Author’s note: This post was created a fair few years ago, so some of this data is out of date, but still holds true today. In addition, the numbers cited in this post have been updated to 2019 numbers.
So, I briefly touched on the subject of how much a hearing aid costs in Part One. I did not discuss the subject of why a hearing aid is expensive.
I will discuss that subject below in this post, now.
Why are hearing aids so expensive? Why aren’t they covered by insurance? And why don’t they ever get any cheaper, while computers and cell phones are constantly getting cheaper?
Let’s talk about numbers of how many people have some form of hearing loss in the US for a moment.
- In 2019, 13.0% of adults aged 18 and over had some difficulty hearing even when using a hearing aid and 1.6% either had a lot of difficulty hearing or could not hear at all, even when using a hearing aid.
- Hearing difficulties increased with age with 26.8% of those aged 65 and over having some difficulty and 4.1% having a lot of difficulty or could not hear at all.
- Among adults aged 45 and over, men were more likely than women to have had some or a lot of difficulty or could not hear at all.
- Non-Hispanic white adults aged 45–64 had higher rates of some difficulty, a lot of difficulty, or being unable to hear at all, compared with other race and Hispanic-origin groups.
- In 2019, 7.1% of adults aged 45 and over used a hearing aid; use was higher among men than women in all age groups.
The source for that statistic is from the CDC page, which cites several sources as well. Now, with that sort of number, you’d think hearing aids would be cheap, right? Wrong. Let’s move on to the reason why hearing aids are so bloody expensive.
Electronic devices go through a predictable price cycle. The first release is expensive, often clunky, and for early adopters only. The first iPod had a physical hard disk inside, worked only with the Mac, had no wireless networking, held 1000 songs, and cost $400. I won’t insult your intelligence by describing today’s iPod models. Like music players, the best hearing aids keep getting better. But they also keep getting more expensive.
In economic terms, they suffer from cost disease. (Yes, this is a real term. I didn’t make it up.) Prices go down when we figure out a way to make goods and services more productively. If Apple can make more iPods with the same amount of human labor, they can sell iPods at lower prices. Some industries, however, are resistant to productivity gains. The classic example, given in the paper that coined the term cost disease, is string quartets (if you play them faster or with fewer musicians, it’s really not the same), but other examples include dentistry and college education, though this may be changing with the advent of online open courses. We’ll see.
But wait a minute. If we can make iPods faster and more cheaply relatively speaking, why can’t we do the same with hearing aids, which are also small computers?
We can, but most of the cost of the hearing aid isn’t in the actual device. It’s the rest of the process: a professional audiologist gives you a hearing test and produces an audiogram (kind of like your eyeglass prescription, but for ears), takes molds of your ear canals, fits and adjusts the devices, and readjusts them as needed. We’re talking hours of work by skilled professionals, and that means cash money. (Note: In my experience, audiology tests take no more than 30 minutes, but there are others that have stated theirs took longer.)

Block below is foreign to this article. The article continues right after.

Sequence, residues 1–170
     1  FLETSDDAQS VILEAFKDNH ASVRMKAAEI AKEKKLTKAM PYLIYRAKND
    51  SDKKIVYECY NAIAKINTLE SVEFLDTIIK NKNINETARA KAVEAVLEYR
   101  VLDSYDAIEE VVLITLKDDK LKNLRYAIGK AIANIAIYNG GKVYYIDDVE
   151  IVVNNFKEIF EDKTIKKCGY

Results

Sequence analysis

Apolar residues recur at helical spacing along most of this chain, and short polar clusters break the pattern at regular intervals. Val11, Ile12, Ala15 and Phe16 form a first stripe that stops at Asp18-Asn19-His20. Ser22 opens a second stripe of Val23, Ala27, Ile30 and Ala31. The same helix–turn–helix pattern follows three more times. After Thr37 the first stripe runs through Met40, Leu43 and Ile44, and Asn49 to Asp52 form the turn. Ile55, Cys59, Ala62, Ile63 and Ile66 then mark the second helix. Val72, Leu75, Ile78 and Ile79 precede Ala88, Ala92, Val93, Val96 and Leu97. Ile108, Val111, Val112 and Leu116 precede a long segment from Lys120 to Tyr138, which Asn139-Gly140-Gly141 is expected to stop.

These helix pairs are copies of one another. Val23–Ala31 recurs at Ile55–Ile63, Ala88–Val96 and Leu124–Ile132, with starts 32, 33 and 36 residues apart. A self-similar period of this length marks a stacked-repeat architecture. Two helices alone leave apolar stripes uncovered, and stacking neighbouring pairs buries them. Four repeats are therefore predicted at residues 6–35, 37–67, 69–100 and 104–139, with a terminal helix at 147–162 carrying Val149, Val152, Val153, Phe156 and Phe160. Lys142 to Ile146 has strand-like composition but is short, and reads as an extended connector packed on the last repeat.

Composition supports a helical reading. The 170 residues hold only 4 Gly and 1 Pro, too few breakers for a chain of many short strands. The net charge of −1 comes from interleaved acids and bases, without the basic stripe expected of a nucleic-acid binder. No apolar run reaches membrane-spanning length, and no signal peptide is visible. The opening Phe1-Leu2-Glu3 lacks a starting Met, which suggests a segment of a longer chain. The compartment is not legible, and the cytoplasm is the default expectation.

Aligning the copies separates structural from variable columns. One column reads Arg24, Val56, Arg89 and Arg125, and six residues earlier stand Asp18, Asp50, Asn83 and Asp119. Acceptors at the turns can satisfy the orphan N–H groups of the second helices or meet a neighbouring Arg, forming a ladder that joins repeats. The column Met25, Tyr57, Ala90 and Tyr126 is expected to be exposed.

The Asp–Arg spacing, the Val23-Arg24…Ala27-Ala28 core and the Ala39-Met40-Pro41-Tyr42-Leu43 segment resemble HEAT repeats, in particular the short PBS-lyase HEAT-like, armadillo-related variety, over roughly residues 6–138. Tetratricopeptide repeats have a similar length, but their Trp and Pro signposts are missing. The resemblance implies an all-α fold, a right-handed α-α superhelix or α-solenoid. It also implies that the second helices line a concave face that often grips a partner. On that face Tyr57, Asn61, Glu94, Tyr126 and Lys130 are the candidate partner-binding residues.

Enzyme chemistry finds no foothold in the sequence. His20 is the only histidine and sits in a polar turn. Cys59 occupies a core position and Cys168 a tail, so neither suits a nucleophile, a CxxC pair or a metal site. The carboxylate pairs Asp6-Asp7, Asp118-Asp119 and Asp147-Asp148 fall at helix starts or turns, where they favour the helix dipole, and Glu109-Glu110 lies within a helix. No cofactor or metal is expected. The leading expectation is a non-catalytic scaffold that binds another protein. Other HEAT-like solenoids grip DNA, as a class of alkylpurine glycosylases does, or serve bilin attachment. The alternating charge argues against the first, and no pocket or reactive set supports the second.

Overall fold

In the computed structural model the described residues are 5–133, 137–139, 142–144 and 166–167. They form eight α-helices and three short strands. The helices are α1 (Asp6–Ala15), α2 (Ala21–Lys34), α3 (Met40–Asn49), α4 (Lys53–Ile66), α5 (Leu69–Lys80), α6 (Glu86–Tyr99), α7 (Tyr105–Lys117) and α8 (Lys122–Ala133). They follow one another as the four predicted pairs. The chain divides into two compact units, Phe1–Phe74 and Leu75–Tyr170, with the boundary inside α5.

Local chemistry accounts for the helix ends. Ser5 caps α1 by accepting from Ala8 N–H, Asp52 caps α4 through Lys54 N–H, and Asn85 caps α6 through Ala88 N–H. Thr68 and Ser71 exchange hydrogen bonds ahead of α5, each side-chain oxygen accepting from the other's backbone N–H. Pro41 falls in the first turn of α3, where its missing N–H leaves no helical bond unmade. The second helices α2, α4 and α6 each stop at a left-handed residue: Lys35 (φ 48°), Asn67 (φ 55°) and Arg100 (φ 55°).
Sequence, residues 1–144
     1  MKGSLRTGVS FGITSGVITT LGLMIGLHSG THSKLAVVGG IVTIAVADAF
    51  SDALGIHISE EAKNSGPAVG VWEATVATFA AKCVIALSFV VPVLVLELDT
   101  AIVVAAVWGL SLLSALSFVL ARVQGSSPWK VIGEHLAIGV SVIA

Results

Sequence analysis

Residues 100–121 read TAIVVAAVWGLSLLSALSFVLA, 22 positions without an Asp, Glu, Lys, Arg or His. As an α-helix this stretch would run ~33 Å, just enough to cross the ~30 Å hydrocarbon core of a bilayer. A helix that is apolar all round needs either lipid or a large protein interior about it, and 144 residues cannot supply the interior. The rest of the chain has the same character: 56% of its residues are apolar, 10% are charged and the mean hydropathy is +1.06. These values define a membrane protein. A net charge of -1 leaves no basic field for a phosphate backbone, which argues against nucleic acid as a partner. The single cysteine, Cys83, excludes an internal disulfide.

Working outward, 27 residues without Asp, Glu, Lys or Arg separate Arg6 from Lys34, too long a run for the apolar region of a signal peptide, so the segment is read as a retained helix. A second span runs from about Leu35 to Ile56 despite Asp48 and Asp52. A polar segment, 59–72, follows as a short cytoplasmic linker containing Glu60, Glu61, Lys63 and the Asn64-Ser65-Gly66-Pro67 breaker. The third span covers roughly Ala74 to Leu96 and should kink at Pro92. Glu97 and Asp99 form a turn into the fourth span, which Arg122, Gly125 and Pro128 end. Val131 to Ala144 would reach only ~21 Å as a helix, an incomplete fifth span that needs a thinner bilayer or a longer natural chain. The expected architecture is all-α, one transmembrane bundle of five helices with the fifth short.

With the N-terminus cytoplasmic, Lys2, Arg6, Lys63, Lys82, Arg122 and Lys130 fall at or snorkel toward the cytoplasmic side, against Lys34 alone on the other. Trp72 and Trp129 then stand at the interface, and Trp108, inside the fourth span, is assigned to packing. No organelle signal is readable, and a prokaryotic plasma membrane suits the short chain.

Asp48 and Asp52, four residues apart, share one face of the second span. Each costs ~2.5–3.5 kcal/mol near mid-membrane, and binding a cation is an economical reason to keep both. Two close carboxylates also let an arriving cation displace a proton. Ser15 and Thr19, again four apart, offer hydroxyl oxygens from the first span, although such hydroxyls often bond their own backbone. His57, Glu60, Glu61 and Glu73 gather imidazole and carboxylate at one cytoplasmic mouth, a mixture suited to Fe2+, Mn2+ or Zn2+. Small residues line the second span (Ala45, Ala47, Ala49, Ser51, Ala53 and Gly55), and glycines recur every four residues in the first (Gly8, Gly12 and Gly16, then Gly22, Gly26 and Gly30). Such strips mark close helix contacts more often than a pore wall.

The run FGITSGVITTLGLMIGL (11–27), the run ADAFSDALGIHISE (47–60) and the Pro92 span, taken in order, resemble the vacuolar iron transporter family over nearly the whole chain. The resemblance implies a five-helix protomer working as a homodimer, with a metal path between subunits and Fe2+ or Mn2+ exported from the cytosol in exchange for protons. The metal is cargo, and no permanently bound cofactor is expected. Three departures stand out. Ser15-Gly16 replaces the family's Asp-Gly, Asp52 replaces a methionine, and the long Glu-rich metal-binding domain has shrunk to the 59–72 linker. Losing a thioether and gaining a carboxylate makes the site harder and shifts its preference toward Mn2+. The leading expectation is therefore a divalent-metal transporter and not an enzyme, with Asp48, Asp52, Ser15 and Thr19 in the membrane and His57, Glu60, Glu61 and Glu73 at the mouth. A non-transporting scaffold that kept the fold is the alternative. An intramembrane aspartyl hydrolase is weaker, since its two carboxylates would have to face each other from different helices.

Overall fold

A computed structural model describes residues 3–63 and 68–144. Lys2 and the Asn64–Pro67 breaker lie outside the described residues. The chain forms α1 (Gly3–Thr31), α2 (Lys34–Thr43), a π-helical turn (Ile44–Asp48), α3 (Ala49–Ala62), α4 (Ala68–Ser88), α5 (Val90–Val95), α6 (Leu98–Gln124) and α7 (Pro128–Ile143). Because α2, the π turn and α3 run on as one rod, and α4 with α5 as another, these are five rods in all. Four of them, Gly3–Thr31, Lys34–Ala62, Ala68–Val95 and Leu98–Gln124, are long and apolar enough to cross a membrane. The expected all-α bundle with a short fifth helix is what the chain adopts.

Some retailers particularly Costco have shaved hundreds or thousands of dollars off the price of fitted hearing aids through high volume sales.
Even at Costco, however, a pair of in-ear devices costs up to $3000.
Now, there’s also the…
Stigma. As a society, we associate hearing impairment with stupidity and associate hearing aids with old people who are hard to deal with. These attitudes are common, and easy to fall into, and unfair. Finally,
Cost. Discreet, top-quality hearing aids, molded to your ear canal, tuned to your hearing loss, and outfitted with the latest digital technology, cost up to $3000. Per ear.
**In most states, adult hearing aids aren’t covered by insurance, and states that do cover them never pay for more than a fraction of the cost of the best models. Worse yet, hearing aids have to be replaced every three to five years and are easily lost or broken.
So, there’s your why and how.
So how are you going to pay for that audiologist-fitted hearing aid? Not, in most cases, through insurance. Health insurance typically covers only the hearing test. Most states don’t require insurers to cover hearing aids at all. California covers hearing aids at $1,400 per ear. New Hampshire, one of the more generous states, covers $1500 per ear, once every five years.
(The HL maintains a list of coverage by state.) Edit: It appears Hearing Loss broke the page, so I’ve updated the link to a Google cached one. NEW page: Hearing Aid Reimbursement
And the Affordable Care Act doesn’t affect hearing aid coverage.
Why? That doesn’t make sense!
I looked into it, and I just can’t figure it out. Because hearing loss is so common and so expensive to treat, private insurance companies can’t make money insuring it. But that doesn’t explain why Medicare doesn’t cover hearing aids for adults, but they do for children below 18-21 and it doesn’t explain why insurance companies cover other expensive assistive devices like motorized carts.
Will custom-fitted hearing aids get cheaper or more subsidized any time soon?
Unlikely. I’ve monitored this for the past five years as an adult, anxiously waiting for prices to go down. It has not. In the meantime, the cheapest place to get a pair of them is at Costco, which employs professional audiologists. But what about alternatives? Custom-fitted devices will always be the best and most expensive.
Ergo, chicken and egg problem. And there is now a Part Three!